Choosing the right person
There are a number of safety measures you can take to preserve your welfare when you are having any sort of building, repair or decorating work done in your home. By selecting trustworthy, qualified builders and other tradespeople, by agreeing a contract for the work, either verbally or in writing, and my monitoring the work as it progresses, you can minimise the probability of problems and guarantee that you have some legal retort if anything does go wide of the mark.
Recommendations when selecting tradespersons
Try and select a tradesperson who has been personally recommended. Choose someone who is a member of trade association. The association can often recommend a dependable tradesperson in your area. Members usually abide by the association’s code of practice, and if necessary you can use its complaints procedure.
Try and get at least three quotes (which should include the precise specifications about fittings and materials). Make sure that the quote you accept is an exact and firm quotation so that it is legally binding and you cannot be asked to pay more.
Generally when you enter into a contract, the law does not regard a delay in carrying out the work as sufficient reason to cancel. You can avoid this by including in the original contract a date by which the work must be completed. This is called ‘making time of the essence to the contract’. If you do this and suffer any monetary loss as a result of holdup, you may be able to claim reimbursement. Therefore, specify a time for starting and completing the work.
Further, have a written contract for major work, for example, a loft conversion. Pay by credit card if possible. Always get a receipt with the tradesperson’s name and address on it. You can even ask for guarantees or rather insurance-backed warranties for the work. Also, make sure that the trader carries insurance in case of damage to your home or contents, or to a neighbour’s property.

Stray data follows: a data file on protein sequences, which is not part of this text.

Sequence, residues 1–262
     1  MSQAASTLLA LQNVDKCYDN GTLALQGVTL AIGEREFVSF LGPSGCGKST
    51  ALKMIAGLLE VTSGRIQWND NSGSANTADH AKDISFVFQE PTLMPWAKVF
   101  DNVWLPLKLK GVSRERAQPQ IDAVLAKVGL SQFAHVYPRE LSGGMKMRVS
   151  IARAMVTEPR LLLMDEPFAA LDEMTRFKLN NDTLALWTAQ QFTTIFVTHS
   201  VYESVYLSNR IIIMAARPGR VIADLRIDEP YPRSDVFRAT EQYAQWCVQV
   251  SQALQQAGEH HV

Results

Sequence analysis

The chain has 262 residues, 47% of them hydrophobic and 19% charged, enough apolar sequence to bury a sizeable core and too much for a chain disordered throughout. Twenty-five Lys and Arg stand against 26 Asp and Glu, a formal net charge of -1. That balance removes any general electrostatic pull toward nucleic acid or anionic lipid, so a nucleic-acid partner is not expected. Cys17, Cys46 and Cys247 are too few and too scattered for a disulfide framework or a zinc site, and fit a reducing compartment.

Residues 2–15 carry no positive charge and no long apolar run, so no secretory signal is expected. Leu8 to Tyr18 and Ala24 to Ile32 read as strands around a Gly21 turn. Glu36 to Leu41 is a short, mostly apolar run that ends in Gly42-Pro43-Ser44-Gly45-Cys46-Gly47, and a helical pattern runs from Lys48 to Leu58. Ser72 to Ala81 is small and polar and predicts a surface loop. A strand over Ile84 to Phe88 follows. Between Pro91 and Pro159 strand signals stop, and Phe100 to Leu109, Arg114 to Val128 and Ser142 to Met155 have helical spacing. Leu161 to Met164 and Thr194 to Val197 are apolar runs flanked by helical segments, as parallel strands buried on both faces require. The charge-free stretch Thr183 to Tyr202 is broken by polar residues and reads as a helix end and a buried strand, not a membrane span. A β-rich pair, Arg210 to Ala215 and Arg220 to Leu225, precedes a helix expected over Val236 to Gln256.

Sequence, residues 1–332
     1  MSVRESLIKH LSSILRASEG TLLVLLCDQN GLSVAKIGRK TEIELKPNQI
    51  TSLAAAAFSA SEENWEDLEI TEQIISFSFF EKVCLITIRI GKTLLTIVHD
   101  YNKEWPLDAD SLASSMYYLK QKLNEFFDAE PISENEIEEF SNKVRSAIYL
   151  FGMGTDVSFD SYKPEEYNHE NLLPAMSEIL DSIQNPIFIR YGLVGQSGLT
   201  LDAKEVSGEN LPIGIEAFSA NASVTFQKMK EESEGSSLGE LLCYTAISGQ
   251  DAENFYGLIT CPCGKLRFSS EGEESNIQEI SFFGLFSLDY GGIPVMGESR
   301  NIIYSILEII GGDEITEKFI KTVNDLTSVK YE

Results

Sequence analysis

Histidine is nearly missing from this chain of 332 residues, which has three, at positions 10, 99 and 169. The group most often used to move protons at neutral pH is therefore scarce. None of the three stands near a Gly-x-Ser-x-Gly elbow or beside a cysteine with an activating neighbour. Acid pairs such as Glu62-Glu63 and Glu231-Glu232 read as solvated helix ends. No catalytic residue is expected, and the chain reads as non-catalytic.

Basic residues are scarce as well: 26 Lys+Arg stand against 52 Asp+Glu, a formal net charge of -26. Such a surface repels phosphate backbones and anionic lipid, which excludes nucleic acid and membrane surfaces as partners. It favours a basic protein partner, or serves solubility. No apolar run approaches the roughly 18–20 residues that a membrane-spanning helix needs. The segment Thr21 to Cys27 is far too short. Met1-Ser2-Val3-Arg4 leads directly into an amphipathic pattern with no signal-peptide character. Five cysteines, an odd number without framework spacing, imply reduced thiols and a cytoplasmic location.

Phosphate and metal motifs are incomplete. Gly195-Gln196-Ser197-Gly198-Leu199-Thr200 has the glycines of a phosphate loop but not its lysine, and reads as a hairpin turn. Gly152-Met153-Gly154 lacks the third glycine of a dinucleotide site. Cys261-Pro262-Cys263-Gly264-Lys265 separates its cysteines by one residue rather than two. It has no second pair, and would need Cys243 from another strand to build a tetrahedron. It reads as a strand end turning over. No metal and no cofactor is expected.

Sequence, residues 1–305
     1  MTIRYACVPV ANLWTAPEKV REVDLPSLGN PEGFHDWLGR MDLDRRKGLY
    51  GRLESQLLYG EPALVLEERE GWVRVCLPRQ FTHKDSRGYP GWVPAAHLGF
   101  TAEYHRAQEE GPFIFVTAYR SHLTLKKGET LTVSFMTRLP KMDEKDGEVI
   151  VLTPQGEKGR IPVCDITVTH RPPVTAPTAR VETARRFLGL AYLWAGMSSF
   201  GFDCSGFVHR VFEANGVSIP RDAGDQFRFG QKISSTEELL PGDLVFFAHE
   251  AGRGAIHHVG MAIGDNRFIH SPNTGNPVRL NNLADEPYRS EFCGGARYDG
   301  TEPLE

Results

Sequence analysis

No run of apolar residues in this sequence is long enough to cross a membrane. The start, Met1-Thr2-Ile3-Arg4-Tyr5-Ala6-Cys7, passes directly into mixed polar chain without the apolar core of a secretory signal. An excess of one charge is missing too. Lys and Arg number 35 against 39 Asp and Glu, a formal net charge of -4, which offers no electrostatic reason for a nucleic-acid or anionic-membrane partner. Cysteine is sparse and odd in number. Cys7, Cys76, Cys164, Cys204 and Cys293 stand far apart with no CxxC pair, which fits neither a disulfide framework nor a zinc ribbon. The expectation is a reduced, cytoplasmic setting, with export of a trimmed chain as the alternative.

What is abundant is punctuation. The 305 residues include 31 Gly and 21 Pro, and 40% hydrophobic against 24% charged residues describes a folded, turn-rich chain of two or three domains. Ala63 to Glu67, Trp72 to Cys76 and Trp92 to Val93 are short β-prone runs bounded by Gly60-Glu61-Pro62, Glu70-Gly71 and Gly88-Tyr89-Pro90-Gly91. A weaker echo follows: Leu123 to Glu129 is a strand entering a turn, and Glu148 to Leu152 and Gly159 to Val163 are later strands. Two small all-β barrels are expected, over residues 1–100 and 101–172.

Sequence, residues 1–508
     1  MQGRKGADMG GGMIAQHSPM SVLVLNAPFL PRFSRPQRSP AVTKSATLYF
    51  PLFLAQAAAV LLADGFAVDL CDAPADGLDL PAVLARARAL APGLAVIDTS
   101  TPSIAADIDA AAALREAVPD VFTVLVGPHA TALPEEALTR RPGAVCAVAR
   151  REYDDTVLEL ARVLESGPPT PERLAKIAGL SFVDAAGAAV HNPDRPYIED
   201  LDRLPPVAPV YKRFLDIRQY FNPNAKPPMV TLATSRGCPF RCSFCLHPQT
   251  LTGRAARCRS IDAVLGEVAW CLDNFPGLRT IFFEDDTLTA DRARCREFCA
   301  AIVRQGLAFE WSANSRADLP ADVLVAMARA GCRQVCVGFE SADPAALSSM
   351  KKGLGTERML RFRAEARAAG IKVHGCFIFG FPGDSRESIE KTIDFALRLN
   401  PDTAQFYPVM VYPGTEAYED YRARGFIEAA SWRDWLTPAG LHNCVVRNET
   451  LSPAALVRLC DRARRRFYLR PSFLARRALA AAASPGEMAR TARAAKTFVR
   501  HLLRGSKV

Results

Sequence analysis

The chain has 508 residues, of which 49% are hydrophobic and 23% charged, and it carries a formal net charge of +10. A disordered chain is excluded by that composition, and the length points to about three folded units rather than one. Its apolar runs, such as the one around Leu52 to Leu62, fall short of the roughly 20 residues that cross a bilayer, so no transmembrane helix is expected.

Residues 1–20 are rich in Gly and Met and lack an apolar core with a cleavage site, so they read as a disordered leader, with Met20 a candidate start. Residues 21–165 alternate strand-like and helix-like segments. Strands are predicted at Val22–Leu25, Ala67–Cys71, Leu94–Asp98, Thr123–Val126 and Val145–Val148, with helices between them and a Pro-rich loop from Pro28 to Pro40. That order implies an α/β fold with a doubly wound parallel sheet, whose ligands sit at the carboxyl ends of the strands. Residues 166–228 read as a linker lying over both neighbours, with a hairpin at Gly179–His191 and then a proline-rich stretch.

It also becomes important to check that either the tradesperson’s insurance or your own household insurance includes cover for death or personal injury due to work.
- Do not ever take the risk of employing anyone who does not have a recognised business name and address, and a landline phone number. Also, do not engage anyone who cold-calls to ballyhoo for business and allow yourself to be pressurised into having work done which you do not actually want. It is also advisable to not to agree to extra work on top of the original job (unless you are very sure that it is necessary). Always beware of the trader who suggests the need for extra items or procedures that other quotes have not mentioned, and finds allegedly serious problems with your property not related to the job in question. Also, it is important to look out for the trader who talks up the difficulty of doing a uncomplicated job, asks for cash upfront and makes verbal promises that do not accord with the small print of the contract.
For more information on:
- Making a contract
- Look for the logo
- The price charged is not the one advertised